The employer’s share of payroll taxes owed on wages paid are not forgivable under PPP. We know that we would need to spend at least 75% or more on payroll. However, we can not use the PPP money to pay our portion of federal payroll tax. So either that money is paid out of pocket by the employer now, or it reduces the amount forgiven and turns into a loan down the line. Why be voluntarily liable to pay this payroll tax when we can’t even be open?

    The PPP program should most likely be looked at as a low interest loan for non-essential businesses. If employees are on unemployment it’s probably better to skip the loan and leave them on unemployment rather than risking financing their unemployment in a loan that may have to be paid back.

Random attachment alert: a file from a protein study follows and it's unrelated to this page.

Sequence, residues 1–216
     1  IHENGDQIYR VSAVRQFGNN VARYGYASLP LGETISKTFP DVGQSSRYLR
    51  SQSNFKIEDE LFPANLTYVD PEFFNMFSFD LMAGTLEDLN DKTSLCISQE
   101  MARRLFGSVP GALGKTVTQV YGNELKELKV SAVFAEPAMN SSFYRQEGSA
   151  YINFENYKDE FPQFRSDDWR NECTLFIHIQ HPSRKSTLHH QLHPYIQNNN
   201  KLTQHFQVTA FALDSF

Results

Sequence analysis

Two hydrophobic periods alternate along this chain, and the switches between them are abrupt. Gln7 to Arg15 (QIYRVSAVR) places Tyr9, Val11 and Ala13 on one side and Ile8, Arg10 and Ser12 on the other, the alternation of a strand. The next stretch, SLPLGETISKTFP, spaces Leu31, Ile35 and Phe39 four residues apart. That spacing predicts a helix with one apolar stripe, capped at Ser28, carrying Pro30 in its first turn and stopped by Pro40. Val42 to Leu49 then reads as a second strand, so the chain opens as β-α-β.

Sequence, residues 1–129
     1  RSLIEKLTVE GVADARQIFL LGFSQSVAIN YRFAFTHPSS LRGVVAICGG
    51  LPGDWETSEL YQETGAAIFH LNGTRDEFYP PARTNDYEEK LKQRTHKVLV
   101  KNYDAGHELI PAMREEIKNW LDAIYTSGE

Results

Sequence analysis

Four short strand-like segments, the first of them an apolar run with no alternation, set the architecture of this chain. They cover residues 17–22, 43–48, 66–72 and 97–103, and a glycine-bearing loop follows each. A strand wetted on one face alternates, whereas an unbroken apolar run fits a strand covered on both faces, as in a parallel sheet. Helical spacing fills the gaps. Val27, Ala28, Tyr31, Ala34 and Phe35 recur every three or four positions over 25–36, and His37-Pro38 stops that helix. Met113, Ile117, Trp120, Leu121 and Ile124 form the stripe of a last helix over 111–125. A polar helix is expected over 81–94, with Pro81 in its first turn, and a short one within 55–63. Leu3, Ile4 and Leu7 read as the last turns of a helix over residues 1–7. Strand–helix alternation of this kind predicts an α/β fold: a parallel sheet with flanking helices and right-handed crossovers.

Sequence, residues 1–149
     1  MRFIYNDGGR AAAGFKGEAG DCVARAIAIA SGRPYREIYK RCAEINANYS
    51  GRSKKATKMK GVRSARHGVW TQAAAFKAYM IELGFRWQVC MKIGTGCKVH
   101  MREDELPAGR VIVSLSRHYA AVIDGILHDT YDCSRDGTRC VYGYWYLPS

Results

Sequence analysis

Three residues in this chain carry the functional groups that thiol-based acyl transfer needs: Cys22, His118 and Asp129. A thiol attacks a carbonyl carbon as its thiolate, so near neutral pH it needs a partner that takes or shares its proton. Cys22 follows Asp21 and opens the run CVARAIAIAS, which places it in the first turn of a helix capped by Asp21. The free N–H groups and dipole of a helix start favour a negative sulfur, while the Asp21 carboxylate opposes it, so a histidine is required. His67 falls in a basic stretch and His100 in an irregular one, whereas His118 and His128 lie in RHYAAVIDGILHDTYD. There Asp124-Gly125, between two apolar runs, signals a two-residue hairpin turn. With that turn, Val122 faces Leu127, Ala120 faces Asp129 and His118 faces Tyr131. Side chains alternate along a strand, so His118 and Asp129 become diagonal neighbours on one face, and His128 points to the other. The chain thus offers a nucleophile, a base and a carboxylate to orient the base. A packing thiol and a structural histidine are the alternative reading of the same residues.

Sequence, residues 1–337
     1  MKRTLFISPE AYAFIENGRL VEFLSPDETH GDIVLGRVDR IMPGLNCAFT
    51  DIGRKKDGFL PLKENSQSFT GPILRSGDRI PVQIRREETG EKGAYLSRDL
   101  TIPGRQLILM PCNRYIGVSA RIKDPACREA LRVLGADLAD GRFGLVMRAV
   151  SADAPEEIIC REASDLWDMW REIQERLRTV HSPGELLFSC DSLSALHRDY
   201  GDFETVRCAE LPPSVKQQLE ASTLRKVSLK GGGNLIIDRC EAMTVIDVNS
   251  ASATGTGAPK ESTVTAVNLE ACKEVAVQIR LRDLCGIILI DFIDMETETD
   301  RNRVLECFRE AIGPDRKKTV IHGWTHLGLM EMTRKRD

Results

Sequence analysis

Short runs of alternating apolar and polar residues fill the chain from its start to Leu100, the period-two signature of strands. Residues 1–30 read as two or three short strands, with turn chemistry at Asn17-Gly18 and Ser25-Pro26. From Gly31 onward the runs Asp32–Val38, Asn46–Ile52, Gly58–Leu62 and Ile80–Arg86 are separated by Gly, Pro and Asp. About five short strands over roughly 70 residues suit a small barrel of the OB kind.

Hopefully, the federal rules on this will evolve to help non-essential businesses.

    1. Hi Erin,
      I agree that one way to look at PPP is as a 1% two-year loan with no payments for 6 months. I also agree that it is shortsighted that the PPP loan cannot be timed for businesses like salons/spas, restaurants, etc., that cannot open.
      There is a second round of funding and lawmakers are aware that PPP is not ideal for businesses that cannot open until “stay home” is lifted.
      We’re both hopeful that the rules will be updated to cover a broader range of businesses.

  4. If the employee(s) don’t want to come back can you hire different employees to have the loan forgiven. Or does it stipulate the same employees have to be rehired?

    1. Hi Ramy,